Category Archives: hope

The story we create in our head

 

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I am someone who can catastrophize I learned this from my Mother, she has Bi-Polar and part of her illness is negative voices in her head of everything that will go wrong; unfortunately, they didn’t stay in her head and she would often speak them out. I know I can easily fall into this trap, thankfully I am now aware of it and mostly I can stop myself, but sometimes, particularly when I am tired, it catches me unawares. A practice of Mindfulness and self-compassion has helped to calm this but I need to continue practicing them. Brene Brown writes about the stories we create in our head, I think this is such a helpful phrase, she encourages us to stop and question what is the story that I am telling myself? is this real? do I know this to be fact? or am I just presuming the worst?

In the last few weeks in my work life, I have needed to stop myself and ask is the story I am creating and presuming about the nurture work/ training/ writing the real story or one that I am making up and presuming the worst. The one thing I have learned through the nurture work with four-year-olds is that stories can change, hope and change is always possible, we don’t always know what that will look like, but we can believe that things will change.

I try hard to create a curiosity about the stories I have in my head, why am I thinking that? do I know that is true? where is this coming from? from fear or fact? Thankfully I have an amazing husband who is great at spotting the negative stories and I have a fantastic supervisor who will listen and question the story and help me to see the story in my head is not always the real story.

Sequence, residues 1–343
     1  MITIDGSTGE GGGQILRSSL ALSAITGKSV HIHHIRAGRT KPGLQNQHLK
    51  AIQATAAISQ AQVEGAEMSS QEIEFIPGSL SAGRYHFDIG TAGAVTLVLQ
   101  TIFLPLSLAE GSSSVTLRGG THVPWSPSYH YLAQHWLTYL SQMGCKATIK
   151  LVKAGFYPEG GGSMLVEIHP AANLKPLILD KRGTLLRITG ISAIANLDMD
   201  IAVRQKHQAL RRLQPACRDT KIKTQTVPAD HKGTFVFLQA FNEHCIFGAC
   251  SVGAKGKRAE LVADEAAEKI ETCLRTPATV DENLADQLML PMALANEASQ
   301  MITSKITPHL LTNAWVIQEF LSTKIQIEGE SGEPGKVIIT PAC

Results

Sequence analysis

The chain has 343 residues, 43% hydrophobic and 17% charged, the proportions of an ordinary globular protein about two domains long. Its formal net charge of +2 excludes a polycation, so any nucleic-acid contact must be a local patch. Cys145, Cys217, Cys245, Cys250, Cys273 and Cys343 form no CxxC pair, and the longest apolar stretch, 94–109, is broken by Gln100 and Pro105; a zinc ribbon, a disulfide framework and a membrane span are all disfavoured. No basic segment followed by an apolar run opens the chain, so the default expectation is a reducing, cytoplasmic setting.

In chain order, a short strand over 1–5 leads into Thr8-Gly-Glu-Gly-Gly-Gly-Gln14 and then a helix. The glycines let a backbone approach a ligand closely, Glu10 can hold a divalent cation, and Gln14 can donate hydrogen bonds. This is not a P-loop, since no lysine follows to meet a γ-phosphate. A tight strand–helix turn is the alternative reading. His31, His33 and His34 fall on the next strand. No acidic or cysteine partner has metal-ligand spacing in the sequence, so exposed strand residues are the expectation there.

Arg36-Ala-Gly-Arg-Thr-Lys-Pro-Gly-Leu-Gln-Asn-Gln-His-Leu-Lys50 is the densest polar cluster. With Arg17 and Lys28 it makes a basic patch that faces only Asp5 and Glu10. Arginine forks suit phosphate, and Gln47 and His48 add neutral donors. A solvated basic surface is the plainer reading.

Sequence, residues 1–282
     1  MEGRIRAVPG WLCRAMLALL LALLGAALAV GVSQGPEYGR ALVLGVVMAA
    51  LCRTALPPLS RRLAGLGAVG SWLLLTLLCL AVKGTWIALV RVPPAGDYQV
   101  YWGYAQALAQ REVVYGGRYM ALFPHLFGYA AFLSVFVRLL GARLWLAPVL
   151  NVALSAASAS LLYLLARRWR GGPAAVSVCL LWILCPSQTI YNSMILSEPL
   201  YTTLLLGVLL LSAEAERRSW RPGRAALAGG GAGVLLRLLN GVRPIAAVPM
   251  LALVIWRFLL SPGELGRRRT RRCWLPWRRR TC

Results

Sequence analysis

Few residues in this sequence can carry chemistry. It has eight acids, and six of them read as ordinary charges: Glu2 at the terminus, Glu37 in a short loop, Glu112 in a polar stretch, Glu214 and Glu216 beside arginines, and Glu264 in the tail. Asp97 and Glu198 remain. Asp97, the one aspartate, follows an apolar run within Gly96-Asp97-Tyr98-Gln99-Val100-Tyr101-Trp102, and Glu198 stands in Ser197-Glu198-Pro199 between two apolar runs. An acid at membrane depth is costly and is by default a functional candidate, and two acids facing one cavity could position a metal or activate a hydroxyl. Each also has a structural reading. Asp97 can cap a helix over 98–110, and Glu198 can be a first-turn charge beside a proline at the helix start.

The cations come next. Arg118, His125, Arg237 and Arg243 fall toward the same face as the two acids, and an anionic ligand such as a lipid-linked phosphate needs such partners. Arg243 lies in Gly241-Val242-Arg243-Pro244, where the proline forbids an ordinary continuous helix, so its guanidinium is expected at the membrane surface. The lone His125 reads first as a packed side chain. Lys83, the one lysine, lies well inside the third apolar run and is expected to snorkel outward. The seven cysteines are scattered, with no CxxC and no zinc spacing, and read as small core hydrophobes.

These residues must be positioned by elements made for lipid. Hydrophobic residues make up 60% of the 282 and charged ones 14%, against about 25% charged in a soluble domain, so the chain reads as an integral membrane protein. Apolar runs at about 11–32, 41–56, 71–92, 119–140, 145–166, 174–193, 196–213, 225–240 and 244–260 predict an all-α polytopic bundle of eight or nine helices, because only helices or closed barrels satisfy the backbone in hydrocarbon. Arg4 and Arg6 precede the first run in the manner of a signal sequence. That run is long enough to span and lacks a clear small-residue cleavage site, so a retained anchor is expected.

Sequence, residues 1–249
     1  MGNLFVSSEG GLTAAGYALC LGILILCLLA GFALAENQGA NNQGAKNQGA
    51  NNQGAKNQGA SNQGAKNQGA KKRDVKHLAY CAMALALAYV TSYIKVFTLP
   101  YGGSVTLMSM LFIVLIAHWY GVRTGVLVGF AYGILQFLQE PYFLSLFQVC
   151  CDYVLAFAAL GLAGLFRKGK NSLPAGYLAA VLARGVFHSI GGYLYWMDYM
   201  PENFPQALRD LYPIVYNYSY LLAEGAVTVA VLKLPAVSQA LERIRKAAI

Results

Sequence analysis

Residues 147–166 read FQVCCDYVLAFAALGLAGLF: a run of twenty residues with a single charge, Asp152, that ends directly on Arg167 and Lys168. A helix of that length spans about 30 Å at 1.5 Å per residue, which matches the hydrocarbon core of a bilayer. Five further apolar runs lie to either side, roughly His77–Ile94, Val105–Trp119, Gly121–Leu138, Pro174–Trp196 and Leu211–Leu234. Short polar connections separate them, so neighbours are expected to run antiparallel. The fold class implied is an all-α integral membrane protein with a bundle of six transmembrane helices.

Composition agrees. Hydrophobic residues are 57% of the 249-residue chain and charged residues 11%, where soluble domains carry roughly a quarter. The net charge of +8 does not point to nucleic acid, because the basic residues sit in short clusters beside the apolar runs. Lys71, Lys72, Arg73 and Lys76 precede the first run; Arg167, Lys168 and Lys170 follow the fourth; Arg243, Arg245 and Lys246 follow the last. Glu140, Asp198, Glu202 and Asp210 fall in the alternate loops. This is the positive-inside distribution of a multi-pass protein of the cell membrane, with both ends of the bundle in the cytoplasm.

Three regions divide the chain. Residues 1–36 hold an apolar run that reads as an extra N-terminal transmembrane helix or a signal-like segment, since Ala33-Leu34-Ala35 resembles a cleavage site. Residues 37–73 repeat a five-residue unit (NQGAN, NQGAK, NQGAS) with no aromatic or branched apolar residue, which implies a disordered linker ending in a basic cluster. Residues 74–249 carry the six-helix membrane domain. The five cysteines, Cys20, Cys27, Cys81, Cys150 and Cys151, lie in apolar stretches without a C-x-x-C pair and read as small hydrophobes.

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Being inspired and having hope

 

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I work part-time as a nurture consultant and the rest of my working week I write books, articles and deliver training. The nurture role with four year olds informs the writing and the training, the research for the writing and training informs the nurture role, I see each part as being closely connected and each vital to one another. In this time of austerity, it can be hard to get training opportunities so when they come along I usually say Yes to most things and hope that it spreads out during the year. November has been unusual for me, I have been asked to speak at 8 different training events, across the country. On Saturday I was speaking at Calderdale early years emotional health and wellbeing symposium in Halifax.

It always feels a huge privilege to be invited to speak at an event or lead a training day, I am so aware that peoples time is precious and money is tight, yesterday this felt particularly so, the conference was on a Saturday, 175 people attended, all giving up their weekend to be at this event. Everyone attending the event works in early years, they were all participating, on their day off to listen to ideas and suggestions around how we can all make a difference in children’s lives. I was one of the keynote speakers along with three other speakers Cath Hunter, Dr. Sam Wass, and Debbie Garvey and three practitioners sharing their excellent practice and learning from their child care setting. Attending training on a Saturday can be a challenge both as a speaker and an attendee, it’s the end of the week, often people are tired and worn out, they don’t necessarily have the concentration to listen to a day worth of speakers no matter how inspiring they are!. However that wasn’t my experience on Saturday, there was such a buzz in the room, a real enthusiasm from the attendees. We know that currently, it is hard to work in early years in the UK, services are being cut, a shocking number of children and families are living in poverty and struggling with life causing distress and stress in their lives. Staff and managers feel under increasing pressure with endless changes, budget cuts etc. This all has a massive impact on our work and could lead people to feel disempowered and lethargic, however, this was not my experience yesterday. During the conference I was really impressed at the vision and hope behind Calderdale early years team who instigated a project focusing on raising children’s emotional health and wellbeing, I was impressed at how their enthusiasm and passion has encouraged and motivated so many early years staff in the area. This felt visionary, this felt hopeful, in a time when it is easy to be cynical and feel hopeless, this team is showing a different way. I felt one of the messages being repeated through the day was in believing that we can make a difference.